Although circumstances have changed, that quote, spoken more than eighty years ago, couldn’t be more relevant today.
Our country is in the midst of challenging political and socioeconomic times — we are entering an era that will leave an indelible imprint on health care in the United States.
As the Affordable Health Care Act goes into effect in 2014, Mayo Clinic continues to seek ways to transform our medical practice so that we can lead the nation in providing the best health care to our patients at an affordable cost. We are leveraging technology to expand accessibility to high quality and safe health care with the best outcomes for our patients.
I’m often asked how the Affordable Care act will impact Mayo Clinic. Recently I discussed this topic at the Arizona State University (ASU) Town Hall on the Future of Health Care Delivery with Michael Crow, President of ASU, moderated by former U.S. Surgeon General, Dr. Richard Carmona.
There isn’t a simple answer to what lies ahead. To help guide our actions as we move forward, John Noseworthy, M.D., CEO at Mayo Clinic and our team are focused on three imperatives: 1) to deliver knowledge; 2) to create value and 3) to fund excellence. We are concerned about the impact of reduced reimbursement for medical care on nonprofit institutions like ourselves that are centers of excellence. Mayo has developed many key strategic priorities to help our nation meet our health care needs of improving access to high quality health care at a reduced cost.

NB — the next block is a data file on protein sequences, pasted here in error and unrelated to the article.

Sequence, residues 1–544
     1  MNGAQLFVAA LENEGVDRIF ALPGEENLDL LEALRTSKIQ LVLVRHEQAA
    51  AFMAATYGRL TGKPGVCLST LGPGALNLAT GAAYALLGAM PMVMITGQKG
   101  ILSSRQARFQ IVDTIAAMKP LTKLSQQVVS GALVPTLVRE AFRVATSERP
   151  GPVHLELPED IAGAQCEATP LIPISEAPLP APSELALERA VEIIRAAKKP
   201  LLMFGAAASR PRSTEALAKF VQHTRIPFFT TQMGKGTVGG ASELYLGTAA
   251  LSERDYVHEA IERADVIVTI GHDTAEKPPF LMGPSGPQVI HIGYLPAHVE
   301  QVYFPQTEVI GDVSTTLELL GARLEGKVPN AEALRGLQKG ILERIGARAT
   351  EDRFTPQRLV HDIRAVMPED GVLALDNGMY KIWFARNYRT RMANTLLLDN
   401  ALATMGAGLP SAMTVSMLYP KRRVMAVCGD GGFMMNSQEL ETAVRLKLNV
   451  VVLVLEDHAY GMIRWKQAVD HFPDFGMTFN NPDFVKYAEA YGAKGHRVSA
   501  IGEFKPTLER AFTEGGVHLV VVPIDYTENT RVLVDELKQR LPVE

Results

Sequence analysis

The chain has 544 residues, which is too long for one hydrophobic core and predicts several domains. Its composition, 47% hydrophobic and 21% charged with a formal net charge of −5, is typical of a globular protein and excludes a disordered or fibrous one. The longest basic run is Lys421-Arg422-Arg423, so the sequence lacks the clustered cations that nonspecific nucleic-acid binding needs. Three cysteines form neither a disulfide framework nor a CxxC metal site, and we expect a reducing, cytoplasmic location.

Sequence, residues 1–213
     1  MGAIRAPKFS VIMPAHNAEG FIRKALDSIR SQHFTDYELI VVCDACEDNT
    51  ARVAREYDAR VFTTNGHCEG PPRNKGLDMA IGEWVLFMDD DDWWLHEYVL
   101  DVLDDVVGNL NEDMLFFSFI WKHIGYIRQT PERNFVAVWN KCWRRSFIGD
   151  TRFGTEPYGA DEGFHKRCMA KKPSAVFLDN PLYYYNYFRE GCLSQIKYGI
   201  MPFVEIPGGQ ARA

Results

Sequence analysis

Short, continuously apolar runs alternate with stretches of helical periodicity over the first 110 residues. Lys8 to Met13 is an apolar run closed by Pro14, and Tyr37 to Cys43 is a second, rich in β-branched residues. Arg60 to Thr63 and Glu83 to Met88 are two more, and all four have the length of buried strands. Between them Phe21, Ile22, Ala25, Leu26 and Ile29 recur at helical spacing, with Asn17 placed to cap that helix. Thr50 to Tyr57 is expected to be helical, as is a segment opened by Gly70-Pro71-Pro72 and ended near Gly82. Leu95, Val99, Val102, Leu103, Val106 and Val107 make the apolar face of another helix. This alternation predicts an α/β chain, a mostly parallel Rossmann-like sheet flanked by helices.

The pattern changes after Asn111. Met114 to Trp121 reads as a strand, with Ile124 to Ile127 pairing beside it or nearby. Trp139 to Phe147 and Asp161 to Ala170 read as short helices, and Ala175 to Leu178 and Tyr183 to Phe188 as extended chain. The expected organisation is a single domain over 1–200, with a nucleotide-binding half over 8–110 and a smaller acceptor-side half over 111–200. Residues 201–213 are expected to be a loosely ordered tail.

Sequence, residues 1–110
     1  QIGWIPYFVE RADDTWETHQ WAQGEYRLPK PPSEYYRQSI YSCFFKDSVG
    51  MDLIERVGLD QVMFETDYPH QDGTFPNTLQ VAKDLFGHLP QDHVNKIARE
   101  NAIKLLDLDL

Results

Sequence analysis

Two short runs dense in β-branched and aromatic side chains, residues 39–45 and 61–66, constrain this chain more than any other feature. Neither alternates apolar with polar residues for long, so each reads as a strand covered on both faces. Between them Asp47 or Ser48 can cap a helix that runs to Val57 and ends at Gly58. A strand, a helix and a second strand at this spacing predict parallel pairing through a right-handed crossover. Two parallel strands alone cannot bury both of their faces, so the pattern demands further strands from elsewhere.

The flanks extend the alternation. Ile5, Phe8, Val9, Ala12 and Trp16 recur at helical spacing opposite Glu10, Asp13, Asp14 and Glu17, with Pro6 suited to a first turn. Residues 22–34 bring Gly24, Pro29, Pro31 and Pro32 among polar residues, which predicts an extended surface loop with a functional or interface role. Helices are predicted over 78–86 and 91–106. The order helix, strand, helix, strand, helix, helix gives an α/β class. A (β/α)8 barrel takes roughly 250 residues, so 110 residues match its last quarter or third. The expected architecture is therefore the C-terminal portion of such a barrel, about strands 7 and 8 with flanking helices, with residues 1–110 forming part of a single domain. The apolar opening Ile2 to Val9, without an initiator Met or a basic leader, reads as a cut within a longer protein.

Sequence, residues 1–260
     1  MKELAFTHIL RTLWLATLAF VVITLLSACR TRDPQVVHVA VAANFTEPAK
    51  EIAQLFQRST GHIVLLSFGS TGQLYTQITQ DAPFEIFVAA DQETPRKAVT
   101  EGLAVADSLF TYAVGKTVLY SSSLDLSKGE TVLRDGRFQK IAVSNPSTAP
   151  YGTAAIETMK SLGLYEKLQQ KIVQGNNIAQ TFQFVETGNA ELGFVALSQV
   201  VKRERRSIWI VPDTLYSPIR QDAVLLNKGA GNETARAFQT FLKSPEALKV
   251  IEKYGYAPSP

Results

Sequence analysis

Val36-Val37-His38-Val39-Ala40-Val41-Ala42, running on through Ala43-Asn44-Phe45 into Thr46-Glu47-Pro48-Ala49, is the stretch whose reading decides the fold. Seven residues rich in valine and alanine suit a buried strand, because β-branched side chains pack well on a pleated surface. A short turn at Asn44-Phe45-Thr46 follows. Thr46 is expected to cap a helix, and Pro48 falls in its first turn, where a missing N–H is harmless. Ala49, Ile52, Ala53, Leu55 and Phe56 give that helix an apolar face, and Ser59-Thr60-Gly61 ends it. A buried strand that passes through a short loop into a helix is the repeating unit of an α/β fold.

In future posts, you’ll be hearing more about a number of these priorities — priorities that include the unique way in which our Medical School plans to redefine medical education in conjunction with ASU for the next generation of physicians. You’ll hear updates on the construction of our transformative Cancer Center currently underway at our Phoenix Campus. You’ll learn about how we are using telemedicine to improve access to quality health care at a lower cost across the nation. We’ll also being sharing news on Mayo’s collaborative partnerships with ASU and the Translational Genomics Research Institute (TGen).
Have an idea or question to share? I welcome your feedback and look forward to sharing more Mayo Clinic news and interacting with you in future posts.
Editor's note: Wyatt W. Decker, M.D., is a vice-president of Mayo Clinic.